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The People v. Udi Fishman

February 8, 2013


(Super. Ct. No. 62093640)

The opinion of the court was delivered by: Robie , J.

P. v. Fishman CA3


California Rules of Court, rule 8.1115(a), prohibits courts and parties from citing or relying on opinions not certified for publication or ordered published, except as specified by rule 8.1115(b). This opinion has not been certified for publication or ordered published for purposes of rule 8.1115.

Convicted of burglary, attempted false imprisonment, unlawful use of tear gas, and possession of a deadly weapon, defendant Udi Fishman appeals, contending the trial court erred by: (1) improperly excluding certain impeachment evidence; (2) refusing to disclose certain e-mails one of the victims sent on her employer's computer system; and (3) failing to provide the jury with a unanimity instruction on the burglary charge. Finding no merit in any of defendant's arguments, we affirm.


Juan Trejo first met defendant in 1998, when defendant solicited a bid from Juan to build a 340-foot-long retaining wall on defendant's property in Los Gatos.*fn1 After Juan built the wall, he continued to do various work for defendant over the years. In 2006, he rebuilt the wall after a big part of it collapsed. Juan and defendant thereafter were involved in litigation involving an engineering firm and the manufacturers of the stone used in the wall. The litigation ultimately settled in 2009, with Juan receiving $540,000 and defendant receiving $290,000. (The money paid to Juan was apparently for amounts defendant owed him for rebuilding the wall.)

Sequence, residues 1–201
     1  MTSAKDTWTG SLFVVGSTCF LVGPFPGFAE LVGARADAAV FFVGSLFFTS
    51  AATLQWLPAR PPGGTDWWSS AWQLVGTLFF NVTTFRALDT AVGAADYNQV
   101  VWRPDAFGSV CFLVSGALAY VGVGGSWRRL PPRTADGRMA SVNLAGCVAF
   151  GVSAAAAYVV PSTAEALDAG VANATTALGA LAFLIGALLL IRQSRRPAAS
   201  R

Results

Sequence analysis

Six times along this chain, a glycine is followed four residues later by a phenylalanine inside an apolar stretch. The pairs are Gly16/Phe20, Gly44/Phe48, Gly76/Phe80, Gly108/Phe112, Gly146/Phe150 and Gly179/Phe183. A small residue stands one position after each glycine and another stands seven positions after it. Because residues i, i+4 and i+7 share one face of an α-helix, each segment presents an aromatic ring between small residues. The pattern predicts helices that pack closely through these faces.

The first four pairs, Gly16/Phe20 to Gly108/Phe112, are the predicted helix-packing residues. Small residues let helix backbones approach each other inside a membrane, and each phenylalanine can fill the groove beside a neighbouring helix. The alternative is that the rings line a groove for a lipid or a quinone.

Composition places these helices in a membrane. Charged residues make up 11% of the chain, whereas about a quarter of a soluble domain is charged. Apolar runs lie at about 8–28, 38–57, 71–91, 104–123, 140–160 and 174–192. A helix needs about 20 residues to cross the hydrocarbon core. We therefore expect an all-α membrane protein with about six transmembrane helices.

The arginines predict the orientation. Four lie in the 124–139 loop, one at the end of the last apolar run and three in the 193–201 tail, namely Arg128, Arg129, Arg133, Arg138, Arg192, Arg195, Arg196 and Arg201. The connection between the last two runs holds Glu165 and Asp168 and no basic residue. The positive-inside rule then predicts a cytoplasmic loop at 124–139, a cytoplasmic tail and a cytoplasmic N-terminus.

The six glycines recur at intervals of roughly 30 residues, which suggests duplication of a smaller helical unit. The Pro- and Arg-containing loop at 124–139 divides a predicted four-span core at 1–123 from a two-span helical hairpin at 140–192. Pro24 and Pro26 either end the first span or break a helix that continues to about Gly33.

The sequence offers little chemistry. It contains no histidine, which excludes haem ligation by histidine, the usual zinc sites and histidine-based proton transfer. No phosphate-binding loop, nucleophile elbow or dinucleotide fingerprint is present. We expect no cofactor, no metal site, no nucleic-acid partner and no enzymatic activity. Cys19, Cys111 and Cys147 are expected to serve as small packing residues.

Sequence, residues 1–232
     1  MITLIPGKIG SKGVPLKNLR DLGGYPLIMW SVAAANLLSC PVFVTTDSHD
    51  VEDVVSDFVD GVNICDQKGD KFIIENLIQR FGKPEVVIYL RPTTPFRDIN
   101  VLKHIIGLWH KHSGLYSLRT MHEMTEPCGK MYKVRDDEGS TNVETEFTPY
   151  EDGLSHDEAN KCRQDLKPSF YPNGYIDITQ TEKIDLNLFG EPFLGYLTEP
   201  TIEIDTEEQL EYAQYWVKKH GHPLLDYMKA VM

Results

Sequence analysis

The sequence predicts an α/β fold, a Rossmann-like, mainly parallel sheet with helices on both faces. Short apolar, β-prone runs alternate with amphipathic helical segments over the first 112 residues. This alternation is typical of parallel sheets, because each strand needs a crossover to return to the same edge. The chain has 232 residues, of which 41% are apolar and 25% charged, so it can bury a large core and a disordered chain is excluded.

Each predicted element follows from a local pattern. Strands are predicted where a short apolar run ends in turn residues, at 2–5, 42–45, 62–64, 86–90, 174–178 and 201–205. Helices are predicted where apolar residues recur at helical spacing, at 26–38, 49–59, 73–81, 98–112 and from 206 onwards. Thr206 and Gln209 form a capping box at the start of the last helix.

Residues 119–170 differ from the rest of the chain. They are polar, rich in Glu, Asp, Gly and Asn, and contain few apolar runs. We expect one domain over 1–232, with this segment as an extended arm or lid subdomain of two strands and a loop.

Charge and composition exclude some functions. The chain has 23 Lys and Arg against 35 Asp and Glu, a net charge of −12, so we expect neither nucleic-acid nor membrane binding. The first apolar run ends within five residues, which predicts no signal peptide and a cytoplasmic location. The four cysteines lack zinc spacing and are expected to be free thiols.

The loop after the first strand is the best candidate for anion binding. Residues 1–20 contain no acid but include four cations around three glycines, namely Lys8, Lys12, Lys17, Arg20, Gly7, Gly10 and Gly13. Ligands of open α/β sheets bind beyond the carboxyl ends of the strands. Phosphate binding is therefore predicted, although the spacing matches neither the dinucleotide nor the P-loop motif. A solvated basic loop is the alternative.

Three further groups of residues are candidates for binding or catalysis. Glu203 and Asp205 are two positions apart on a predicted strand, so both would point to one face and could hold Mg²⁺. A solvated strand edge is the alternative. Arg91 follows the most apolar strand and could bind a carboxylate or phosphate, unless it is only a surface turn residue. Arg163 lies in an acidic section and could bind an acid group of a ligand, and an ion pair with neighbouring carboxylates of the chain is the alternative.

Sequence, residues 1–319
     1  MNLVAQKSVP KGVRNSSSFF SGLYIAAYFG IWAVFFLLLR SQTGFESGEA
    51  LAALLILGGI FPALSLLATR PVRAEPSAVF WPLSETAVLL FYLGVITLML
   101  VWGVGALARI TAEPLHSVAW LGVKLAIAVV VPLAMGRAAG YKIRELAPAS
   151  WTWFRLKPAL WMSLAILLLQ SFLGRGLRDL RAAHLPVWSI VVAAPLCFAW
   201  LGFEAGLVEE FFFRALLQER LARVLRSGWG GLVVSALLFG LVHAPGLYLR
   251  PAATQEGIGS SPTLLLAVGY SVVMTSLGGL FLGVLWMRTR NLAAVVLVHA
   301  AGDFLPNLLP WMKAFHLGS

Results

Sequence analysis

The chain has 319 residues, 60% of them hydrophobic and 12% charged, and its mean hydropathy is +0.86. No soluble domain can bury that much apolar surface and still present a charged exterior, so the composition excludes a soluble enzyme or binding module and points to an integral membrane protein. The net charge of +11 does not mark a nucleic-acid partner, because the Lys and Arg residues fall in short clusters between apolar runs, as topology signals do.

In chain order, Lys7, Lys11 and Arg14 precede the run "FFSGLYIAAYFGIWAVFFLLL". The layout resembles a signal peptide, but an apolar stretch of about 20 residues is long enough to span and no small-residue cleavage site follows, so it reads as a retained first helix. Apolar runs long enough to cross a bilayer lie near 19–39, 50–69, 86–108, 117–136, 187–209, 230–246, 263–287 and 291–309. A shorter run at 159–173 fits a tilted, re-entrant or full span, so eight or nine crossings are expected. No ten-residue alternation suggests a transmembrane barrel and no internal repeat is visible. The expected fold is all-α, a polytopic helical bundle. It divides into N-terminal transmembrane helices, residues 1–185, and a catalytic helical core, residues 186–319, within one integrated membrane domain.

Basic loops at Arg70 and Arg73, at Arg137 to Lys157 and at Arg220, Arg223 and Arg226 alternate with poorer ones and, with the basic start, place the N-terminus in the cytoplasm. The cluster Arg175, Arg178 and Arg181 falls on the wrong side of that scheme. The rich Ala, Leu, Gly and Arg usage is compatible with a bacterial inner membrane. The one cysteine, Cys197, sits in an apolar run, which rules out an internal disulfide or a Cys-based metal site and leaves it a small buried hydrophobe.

After the settlement, the relationship between Juan and defendant deteriorated. Juan claimed he loaned defendant $45,000, but then refused to give defendant any more money after defendant said he needed "all of it" and that "everybody got rich, except me." Defendant claimed that work remained for Juan to do on his property and the $45,000 Juan gave him was not a loan but repayment for sums defendant had advanced to Juan's employees on Juan's behalf while the wall was being rebuilt.

On September 16, 2009, Juan's wife, Christine, was at their home in Placer County with her brother-in-law, George Obregon; Juan was working in the Bay Area. A van with what turned out to be fake PG&E magnetic placards on the side drove onto the property and around to the back of the house. It was later determined that the van had mismatched license plates on it, both of which belonged to other vehicles. Defendant was the driver.

Upon seeing the van, Christine went out the back door and approached the van. Defendant, who was wearing sunglasses, an orange safety vest, and a hat, told Christine he was there to do an audit. She told him to stay there, she was going to get her husband, but as she walked back toward the house she discovered he was following her. When she told him to stay there again, he told her he had left the audit in the van and he had to go get it.